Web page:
# Inverses of the operation $(a,b) \mapsto a \oplus b\oplus ((a \land b) \ll 1)$ for fixed bit length

Background. In their paper about the cryptographic scheme NORX, the authors use a fast approximation of + by bitwise operations (taking fewer CPU cycles than proper addition) using the formula $$a+b \; \approx \; a \oplus b \oplus ((a \land b) \ll 1)$$ where $$\oplus$$ is bitwise XOR and $$\land$$ is bitwise AND, and $$\ll$$ is left-shift by 1 position. (The purpose of $$((a \land b) \ll 1)$$ is to simulate the "carry-bit" operation.)

Formulation of question. We can view this as an operation $$+^{n}_\sim : \{0,1\}^n\times \{0,1\}^n \to \{0,1\}^n$$, defined by $$(a, b) \mapsto a \oplus b \oplus ((a \land b) \ll 1)$$. For $$b\in \{0,1\}^n$$ we get a map $$s^n_b: \{0,1\}^n\to \{0,1\}^n$$ defined by $$a \mapsto a +^{n}_\sim b.$$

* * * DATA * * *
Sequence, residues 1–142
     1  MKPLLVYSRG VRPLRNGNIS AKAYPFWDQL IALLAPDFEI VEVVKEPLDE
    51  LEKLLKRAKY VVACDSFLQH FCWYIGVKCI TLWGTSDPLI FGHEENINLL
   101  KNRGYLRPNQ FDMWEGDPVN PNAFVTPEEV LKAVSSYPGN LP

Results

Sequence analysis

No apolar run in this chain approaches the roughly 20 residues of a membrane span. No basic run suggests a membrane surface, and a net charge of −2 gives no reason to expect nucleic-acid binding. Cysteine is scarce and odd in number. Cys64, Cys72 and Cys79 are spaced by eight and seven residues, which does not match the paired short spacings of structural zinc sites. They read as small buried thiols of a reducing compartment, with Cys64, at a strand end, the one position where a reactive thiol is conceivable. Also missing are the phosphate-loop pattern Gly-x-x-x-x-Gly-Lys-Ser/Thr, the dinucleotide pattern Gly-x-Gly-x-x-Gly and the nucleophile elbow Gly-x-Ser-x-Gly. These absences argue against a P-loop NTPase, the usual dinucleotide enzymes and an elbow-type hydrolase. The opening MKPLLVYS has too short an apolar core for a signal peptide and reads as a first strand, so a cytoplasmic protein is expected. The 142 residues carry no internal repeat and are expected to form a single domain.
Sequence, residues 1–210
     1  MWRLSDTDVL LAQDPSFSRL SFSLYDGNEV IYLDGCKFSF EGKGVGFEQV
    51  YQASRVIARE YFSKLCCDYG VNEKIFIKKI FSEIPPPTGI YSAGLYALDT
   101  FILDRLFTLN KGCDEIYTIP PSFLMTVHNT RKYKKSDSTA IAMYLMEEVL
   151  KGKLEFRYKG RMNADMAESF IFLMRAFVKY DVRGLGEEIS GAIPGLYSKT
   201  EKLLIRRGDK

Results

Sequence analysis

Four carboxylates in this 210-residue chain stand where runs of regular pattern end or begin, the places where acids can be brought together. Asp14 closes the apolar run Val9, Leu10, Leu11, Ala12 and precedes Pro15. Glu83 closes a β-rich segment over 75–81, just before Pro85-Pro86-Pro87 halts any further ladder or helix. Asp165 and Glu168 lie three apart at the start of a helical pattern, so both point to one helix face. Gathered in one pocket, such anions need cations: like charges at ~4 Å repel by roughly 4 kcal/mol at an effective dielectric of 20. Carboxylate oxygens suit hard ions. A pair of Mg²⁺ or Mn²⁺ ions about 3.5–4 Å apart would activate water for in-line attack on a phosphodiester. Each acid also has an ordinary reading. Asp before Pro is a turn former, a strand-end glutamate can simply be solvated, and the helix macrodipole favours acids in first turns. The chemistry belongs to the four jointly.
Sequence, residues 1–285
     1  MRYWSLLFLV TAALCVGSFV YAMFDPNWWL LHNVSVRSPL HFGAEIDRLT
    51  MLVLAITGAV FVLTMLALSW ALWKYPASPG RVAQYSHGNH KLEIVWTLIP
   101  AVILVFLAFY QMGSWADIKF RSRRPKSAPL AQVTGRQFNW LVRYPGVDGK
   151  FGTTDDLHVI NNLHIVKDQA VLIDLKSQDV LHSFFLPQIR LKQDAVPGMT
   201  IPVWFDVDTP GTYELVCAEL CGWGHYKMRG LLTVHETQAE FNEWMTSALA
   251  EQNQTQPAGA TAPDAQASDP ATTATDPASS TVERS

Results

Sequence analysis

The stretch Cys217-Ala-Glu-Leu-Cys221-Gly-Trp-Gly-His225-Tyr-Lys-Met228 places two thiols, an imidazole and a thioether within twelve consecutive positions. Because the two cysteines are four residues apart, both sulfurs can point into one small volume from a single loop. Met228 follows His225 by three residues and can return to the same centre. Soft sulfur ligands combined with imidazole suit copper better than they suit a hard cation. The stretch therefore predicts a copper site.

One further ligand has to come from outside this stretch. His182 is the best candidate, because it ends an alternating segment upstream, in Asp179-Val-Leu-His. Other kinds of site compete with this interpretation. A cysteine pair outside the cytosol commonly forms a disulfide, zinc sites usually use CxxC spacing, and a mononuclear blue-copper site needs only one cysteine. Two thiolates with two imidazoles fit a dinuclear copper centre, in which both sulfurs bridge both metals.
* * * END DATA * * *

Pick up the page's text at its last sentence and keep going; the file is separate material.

Is $$s^n_b$$ injective (and therefore bijective) for all $$n\in\mathbb{N}$$ and $$b\in \{0,1\}^n$$?

• That's half-adder. To use it for n-bit you need Full-adder to propagate. Mar 15, 2022 at 12:42
• Is this a homework question? Mar 15, 2022 at 12:49
• Actually, the $s_b^n$ is not well defined. What does happen to the last carry? Mar 15, 2022 at 17:56

Yes, to see this note that $$a$$ can be computed bitwise from the least significant bit. We write $$c$$ for $$a+^n_\sim b$$ and $$x_i$$ for the $$i$$th bit of $$x$$. Observe that: $$a_0=b_0\oplus c_0$$ $$a_i=b_i\oplus c_i\oplus (a_{i-1}\wedge b_{i-1})$$ for $$1\le i\le n-1$$.
Sadly, there is not a nice 4-bit to 1 bit function bitwise inverse function $$(b,c)\mapsto a$$ e.g. $$a_2$$ is a function of $$b_0$$, $$b_1$$, $$b_2$$, $$c_0$$ and $$c_1$$.